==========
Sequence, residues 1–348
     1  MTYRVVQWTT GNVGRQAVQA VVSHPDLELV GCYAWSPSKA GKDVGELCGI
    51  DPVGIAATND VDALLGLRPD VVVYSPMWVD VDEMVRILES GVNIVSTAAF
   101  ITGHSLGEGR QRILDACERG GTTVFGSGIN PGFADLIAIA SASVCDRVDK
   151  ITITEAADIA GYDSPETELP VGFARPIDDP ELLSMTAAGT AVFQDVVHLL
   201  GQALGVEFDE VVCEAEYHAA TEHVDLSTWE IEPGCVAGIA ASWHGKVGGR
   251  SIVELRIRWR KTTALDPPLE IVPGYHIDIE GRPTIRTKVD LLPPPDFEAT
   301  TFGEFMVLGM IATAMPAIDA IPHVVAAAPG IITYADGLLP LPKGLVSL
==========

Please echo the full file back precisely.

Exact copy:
Sequence, residues 1–348
     1  MTYRVVQWTT GNVGRQAVQA VVSHPDLELV GCYAWSPSKA GKDVGELCGI
    51  DPVGIAATND VDALLGLRPD VVVYSPMWVD VDEMVRILES GVNIVSTAAF
   101  ITGHSLGEGR QRILDACERG GTTVFGSGIN PGFADLIAIA SASVCDRVDK
   151  ITITEAADIA GYDSPETELP VGFARPIDDP ELLSMTAAGT AVFQDVVHLL
   201  GQALGVEFDE VVCEAEYHAA TEHVDLSTWE IEPGCVAGIA ASWHGKVGGR
   251  SIVELRIRWR KTTALDPPLE IVPGYHIDIE GRPTIRTKVD LLPPPDFEAT
   301  TFGEFMVLGM IATAMPAIDA IPHVVAAAPG IITYADGLLP LPKGLVSL